Tuesday, 13 April 2021

Moorhen

 Dungeness - 0600 - 0800hrs - cold, frosty, poor viz, light airs - The thermometer showed -3 C just before 6am with the point shrouded in thick fog as I arrived on site. Mercifully it quickly burned off and in the company of TG, MC and CP we settled in for what could at best be described as a `pedestrian seawatch`. However, Gannets are eminently watchable and there was plenty of them offshore, fishing, resting on the sea and passing both ways, some inside the cardinal buoy. A steady trickle of Sandwich Terns rounded the point into Lade Bay while an up-Channel passage of Common Scoters and Brent Geese comprised the bulk of seabird migrants. Also noted a few auks, Kittiwakes and Red-throated Divers, two Mergansers, four Shelducks, five Fulmars, two Greylag Geese and at least nine Porpoises. At the Patch a Common Tern was amongst a flurry of gulls and a Yellow Wagtail flew over calling as it headed inland.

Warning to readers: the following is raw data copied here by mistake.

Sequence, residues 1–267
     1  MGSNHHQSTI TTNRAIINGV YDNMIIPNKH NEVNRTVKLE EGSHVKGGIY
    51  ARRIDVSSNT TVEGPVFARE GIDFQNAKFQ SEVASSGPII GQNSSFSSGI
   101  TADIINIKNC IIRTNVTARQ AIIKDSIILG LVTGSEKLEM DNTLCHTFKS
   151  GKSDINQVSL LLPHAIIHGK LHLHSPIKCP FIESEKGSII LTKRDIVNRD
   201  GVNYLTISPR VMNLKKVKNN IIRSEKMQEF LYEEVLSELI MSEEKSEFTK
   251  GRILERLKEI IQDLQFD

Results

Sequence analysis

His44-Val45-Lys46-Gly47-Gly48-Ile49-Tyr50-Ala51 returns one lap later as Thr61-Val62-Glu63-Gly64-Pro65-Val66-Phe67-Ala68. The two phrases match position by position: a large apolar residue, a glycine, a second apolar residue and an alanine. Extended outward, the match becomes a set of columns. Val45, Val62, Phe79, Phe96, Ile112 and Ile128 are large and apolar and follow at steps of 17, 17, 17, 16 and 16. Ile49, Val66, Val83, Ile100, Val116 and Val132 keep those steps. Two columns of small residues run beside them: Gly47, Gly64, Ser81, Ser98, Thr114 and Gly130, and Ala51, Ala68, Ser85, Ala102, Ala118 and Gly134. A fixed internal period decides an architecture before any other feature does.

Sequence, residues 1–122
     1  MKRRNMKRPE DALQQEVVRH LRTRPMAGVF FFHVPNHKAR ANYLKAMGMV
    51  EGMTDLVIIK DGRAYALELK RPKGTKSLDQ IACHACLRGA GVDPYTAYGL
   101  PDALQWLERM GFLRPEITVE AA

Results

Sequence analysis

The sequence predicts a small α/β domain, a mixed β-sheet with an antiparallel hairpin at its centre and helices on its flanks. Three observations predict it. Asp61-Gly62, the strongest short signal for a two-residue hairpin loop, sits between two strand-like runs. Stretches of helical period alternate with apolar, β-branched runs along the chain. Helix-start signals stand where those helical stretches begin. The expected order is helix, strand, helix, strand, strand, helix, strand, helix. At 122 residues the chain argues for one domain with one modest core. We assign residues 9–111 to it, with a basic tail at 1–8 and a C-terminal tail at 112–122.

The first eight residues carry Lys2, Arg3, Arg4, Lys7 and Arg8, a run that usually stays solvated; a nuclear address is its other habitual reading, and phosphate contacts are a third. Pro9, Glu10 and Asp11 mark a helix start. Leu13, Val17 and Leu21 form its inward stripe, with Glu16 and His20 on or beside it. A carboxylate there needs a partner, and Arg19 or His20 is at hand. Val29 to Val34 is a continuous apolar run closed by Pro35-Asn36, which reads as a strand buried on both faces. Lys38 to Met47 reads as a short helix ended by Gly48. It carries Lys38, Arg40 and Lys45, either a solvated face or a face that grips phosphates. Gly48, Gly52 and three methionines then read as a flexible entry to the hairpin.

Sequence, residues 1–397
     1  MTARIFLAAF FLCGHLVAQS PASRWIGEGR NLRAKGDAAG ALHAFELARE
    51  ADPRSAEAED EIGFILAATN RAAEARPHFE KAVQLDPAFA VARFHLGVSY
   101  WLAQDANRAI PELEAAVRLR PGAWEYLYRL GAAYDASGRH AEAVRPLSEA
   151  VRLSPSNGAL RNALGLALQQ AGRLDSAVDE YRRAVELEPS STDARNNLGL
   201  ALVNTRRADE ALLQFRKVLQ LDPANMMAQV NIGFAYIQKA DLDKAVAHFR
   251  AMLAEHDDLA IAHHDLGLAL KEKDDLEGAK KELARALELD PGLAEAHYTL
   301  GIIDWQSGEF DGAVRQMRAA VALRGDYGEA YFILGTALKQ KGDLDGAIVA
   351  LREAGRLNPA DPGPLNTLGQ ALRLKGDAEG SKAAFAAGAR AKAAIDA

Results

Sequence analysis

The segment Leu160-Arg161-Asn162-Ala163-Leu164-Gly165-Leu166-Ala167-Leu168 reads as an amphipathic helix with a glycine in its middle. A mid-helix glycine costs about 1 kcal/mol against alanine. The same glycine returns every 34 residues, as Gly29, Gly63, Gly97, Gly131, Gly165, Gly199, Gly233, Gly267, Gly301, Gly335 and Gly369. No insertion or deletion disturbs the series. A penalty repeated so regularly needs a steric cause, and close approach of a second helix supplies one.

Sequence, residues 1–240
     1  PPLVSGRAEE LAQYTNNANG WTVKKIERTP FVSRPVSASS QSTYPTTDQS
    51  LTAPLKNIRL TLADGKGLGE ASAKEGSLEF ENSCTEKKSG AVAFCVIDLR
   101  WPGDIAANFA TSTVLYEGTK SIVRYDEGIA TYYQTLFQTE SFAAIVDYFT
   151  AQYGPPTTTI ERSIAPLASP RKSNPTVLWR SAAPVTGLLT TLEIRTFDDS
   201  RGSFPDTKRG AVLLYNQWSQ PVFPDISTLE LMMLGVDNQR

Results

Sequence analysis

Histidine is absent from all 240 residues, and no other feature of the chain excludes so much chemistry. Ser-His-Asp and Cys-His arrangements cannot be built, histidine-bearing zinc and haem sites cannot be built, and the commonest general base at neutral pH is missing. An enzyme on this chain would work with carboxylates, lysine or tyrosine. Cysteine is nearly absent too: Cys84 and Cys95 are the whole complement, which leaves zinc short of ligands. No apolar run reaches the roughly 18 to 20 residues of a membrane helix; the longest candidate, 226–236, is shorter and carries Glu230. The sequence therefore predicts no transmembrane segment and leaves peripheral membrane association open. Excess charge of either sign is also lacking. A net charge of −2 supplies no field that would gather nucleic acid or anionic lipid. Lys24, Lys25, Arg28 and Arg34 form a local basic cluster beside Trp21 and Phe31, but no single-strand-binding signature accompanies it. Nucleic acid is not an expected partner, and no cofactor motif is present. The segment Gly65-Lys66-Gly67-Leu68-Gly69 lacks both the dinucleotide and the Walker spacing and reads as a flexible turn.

Sunrise over a misty Dungeness

There wasn`t much change on the local patch apart from perhaps a few more Linnets in the gorse laying claim to breeding territories and two Blackcaps singing from the willow swamp. Of note was the unusual behaviour of a Moorhen that clambered up into the bare branches of a sallow whilst bringing its nictitating membrane into play as extra eye protection. It then manoeuvered into position and eventually flopped across several branches to bask in the warm sunshine.

                                  Sun-loving Moorhen

Elsewhere, a male Pied Flycatcher was located this morning by OL in woodland at the end of Dunes Road, Greatstone, although at times it proved to be very elusive.    

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